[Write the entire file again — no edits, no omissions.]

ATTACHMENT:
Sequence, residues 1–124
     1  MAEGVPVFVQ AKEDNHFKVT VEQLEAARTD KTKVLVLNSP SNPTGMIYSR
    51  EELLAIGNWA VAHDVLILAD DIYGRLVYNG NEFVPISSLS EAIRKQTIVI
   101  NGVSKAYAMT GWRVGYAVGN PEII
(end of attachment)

Sequence, residues 1–124
     1  MAEGVPVFVQ AKEDNHFKVT VEQLEAARTD KTKVLVLNSP SNPTGMIYSR
    51  EELLAIGNWA VAHDVLILAD DIYGRLVYNG NEFVPISSLS EAIRKQTIVI
   101  NGVSKAYAMT GWRVGYAVGN PEII